Finding more than fair-weather fun at Serpentine Pavilion

I’m usually first past the post to visit the annual Serpentine Pavilion. In fact, i’d go so far to say that I anticipate it.

Over the years I’ve seen more than a few internationally renowned artists take up the challenge of designing a 300 square metre structure to take pride of place alongside one of London’s most exciting contemporary art galleries. With the intention of creating a cafe-cum-social space by day, and an entertainment space by night, I’ve always enjoyed putting the resulting structure through its paces with a young companion in tow. So imagine my disappointment this morning, as we drew closer to Francis Kéré’s bold blue structure, and my 4 year old decided to drop the clanger “I’m not going in there”.

I’ve always relished having kids that were open to everything, but here I was, in front of what was intended to be one of Serpentine’s most inclusive pavilions, and she had bailed. What on earth was I to do? I knew you’d be relying on me. I knew I had to think quick.

The artist was particularly keen on ensuring visitors to the pavilion remain ‘in nature’ whilst they view it, which means there’s plenty of scope to circumnavigate the space, without really feeling like you’re “in”. This was helpful. I could at least talk her into a scoot around the outside, and with four separate entrances and free-standing perforated walls, i’d at least get a good peek inside.

The whole structure is inspired by the canopy of a tree and its role as the centre of community in the artist’s native Burkina Faso. The focal point of the community, the tree offers shade and shelter, but it is also a social space, a meeting place where everyone in the village can come together.

Three quarters of the way round and we struck gold, in the form of a mound of plywood which had been fashioned into what appeared like a slide. A simple accessory to the centrepiece was shaping up to be our main event. Grateful for being thrown a lifeline, I dashed inside to check the rules of engagement with front of house staff, and at the wishes of the artist, we were free to explore. She slid down its shiny surfaces. She reclined in the (not quite) sunshine. She circled it like a mountain, and jumped free from its summit. So much more than a slide, this humble addition successfully recreates the collective gathering of children under the tree, a virtual kindergarten, allowing us ‘villagers’ the time and space to look on, to talk and to share stories.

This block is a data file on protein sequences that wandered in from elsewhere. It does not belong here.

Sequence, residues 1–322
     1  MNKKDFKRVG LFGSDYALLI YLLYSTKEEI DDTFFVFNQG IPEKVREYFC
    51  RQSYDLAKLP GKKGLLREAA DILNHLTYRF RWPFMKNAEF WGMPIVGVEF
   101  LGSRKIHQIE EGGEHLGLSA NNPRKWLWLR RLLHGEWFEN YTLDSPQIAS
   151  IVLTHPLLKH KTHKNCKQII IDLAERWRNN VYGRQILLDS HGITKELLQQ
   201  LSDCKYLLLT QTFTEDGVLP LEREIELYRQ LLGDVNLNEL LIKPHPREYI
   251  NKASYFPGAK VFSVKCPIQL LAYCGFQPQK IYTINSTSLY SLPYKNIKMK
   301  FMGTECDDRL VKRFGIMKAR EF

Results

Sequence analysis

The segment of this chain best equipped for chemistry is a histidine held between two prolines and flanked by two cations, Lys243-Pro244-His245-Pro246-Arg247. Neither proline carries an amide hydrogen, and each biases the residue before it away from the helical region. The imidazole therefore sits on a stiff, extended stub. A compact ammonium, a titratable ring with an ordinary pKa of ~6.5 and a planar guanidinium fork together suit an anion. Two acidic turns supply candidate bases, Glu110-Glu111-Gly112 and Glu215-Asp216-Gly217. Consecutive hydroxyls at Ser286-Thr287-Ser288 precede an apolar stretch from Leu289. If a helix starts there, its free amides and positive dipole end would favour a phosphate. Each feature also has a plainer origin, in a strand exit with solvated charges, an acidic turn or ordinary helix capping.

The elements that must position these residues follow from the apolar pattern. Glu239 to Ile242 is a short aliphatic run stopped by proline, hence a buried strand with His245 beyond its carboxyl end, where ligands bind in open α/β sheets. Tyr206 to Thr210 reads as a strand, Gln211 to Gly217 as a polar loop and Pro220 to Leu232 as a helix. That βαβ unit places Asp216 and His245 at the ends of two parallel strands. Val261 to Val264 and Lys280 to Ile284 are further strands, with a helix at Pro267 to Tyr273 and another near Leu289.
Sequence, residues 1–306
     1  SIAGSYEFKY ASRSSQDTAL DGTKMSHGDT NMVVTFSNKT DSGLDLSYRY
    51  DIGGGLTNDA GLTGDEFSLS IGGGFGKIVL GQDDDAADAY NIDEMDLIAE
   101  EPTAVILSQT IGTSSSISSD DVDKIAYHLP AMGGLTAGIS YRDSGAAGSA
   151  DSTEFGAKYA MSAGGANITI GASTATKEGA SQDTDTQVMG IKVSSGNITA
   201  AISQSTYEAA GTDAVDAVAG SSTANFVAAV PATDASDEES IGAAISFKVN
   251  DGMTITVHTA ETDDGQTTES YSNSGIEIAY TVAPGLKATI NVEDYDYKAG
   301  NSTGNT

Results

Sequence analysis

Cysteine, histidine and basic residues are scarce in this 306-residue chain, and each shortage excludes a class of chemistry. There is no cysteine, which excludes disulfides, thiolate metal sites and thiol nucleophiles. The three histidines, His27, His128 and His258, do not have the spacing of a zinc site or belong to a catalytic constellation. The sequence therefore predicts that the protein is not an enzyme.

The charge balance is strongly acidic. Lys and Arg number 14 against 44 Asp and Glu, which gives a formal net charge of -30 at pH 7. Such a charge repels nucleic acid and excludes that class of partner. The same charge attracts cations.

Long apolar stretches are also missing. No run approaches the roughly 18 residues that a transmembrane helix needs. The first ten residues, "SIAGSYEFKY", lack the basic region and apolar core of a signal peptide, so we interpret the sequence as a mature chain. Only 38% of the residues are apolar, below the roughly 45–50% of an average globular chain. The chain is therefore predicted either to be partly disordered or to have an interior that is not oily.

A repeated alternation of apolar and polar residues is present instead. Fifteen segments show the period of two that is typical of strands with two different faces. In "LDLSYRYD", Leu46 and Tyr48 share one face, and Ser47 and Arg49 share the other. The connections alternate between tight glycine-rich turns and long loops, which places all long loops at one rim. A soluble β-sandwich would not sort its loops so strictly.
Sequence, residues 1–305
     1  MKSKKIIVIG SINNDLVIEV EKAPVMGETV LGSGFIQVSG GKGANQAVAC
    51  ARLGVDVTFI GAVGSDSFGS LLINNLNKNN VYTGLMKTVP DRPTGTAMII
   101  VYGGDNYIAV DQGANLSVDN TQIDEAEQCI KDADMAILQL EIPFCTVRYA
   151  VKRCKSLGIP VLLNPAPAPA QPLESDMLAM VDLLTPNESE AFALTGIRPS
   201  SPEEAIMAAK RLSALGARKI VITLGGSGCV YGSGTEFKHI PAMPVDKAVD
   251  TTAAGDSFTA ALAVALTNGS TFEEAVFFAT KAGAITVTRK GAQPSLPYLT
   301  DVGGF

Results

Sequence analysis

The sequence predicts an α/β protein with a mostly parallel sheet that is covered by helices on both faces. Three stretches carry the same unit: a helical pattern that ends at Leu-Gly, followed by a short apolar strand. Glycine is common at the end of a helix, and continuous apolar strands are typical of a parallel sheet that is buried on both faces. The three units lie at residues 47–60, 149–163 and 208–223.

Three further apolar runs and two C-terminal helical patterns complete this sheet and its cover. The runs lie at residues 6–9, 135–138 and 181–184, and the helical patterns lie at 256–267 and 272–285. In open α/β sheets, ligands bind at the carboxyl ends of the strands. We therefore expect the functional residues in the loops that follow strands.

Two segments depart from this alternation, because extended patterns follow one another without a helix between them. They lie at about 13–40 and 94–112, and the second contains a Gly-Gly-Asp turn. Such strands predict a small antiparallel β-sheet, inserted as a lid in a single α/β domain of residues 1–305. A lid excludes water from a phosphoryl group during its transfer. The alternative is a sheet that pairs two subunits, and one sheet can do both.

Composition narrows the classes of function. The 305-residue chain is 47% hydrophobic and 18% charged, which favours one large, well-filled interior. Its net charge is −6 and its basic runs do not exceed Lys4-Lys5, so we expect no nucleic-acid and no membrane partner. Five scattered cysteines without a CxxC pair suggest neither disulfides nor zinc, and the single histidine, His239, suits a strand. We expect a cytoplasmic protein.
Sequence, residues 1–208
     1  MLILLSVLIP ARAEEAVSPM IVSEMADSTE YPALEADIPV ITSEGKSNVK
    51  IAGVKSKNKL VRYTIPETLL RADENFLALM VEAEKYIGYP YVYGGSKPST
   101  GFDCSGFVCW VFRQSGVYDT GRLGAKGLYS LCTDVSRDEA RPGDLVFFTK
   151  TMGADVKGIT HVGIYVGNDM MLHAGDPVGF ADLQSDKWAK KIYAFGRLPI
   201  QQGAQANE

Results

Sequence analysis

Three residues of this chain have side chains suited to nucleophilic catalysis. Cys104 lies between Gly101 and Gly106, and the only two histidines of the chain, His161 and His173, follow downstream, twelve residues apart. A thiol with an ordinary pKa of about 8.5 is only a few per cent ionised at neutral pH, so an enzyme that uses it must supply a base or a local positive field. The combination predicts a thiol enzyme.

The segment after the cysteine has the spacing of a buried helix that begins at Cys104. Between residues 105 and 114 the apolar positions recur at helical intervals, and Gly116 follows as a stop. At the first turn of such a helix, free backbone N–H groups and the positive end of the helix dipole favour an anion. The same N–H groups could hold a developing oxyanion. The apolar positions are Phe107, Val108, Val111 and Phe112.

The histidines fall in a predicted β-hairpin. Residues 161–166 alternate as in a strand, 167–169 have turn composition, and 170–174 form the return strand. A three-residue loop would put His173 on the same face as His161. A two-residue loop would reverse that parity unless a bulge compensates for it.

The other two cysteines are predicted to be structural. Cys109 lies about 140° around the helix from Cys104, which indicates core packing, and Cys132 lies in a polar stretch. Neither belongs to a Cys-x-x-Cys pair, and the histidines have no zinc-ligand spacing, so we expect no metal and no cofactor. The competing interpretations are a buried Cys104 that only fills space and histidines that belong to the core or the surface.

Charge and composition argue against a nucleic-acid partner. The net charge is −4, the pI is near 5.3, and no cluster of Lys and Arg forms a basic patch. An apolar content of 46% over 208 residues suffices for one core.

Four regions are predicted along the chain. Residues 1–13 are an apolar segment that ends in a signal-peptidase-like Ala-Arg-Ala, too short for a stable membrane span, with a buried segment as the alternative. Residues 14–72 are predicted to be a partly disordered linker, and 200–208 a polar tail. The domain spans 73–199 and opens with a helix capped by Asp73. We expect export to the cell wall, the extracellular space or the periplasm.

Now sold on the structure, we ventured inside to the sweet smell of coffee. The central courtyard which kept us connected to nature, was the next big draw and we both loved seeing and feeling the outdoors inside. The seating here is strictly for bottoms and don’t allow the same level of adventure, but the wind in our hair and the stones under foot soon had us lost in our own thoughts, as if we were on a distant beach. All we needed was to be free of the overcast skies above and the world would be perfect.

Keen to quit whilst ahead (and grateful to have turned a thumbs down into a thumbs up), we headed off, over the road to the Diana Memorial Fountain for a paddle.

As we moved away from the pavilion, I could finally appreciate the expanse of the funnel-like roof in all its glory, ready and waiting for the dark clouds above us to kick it into action. Bound to nature, this creation really comes to life when it rains and any water collected on the roof is channeled into a spectacular waterfall effect, before being evacuated through the floor for later use within the park. This surely makes this one of the most simple, yet useful, pavilions we have ever visited.

Whatever the weather, it goes without saying that Serpentine Pavilion should be high on your day out ‘hit list’ this summer. Free, family friendly and lots of fun, it’s a visual feast that neither a grumpy pre schooler nor the British summertime can spoil.

Serpentine Pavilion is open until 8th October 2017.
Admission Free, Open daily 10am to 6pm.

Inspired by Francis Kéré’s stories of gathering, debate and community the Pavilion will become host to a series of picnic talks this summer, every Wednesday at 1pm until 23rd August.

There is also a Family Day on 22nd July. See website for details

Review: Barbican’s Japanese House provides a warm welcome

We might be a little late to the party, but after a busy period of Easter holiday fun, we finally gave ourselves the time to visit Barbican’s first major UK exhibition of Japanese domestic architecture.

The Japanese House: Architecture and Life after 1945, promises a feast of modern and contemporary design. The exhibition features over 40 renowned architects as well as a centrepiece in the form of a full-size recreation of the 2005 Moriyama House, designed by award-winning architect Ryue Nishizawa.

If like us, your knowledge of contemporary architecture could scarcely fill the back of a matchbox, do not fear. The beautiful thing about this exhibition is its accessibility. You definitely don’t need any prior knowledge to appreciate what’s on offer, all you need is a love of design, an interest in the built environment around you and a keen sense of adventure to let yourself and your companion explore.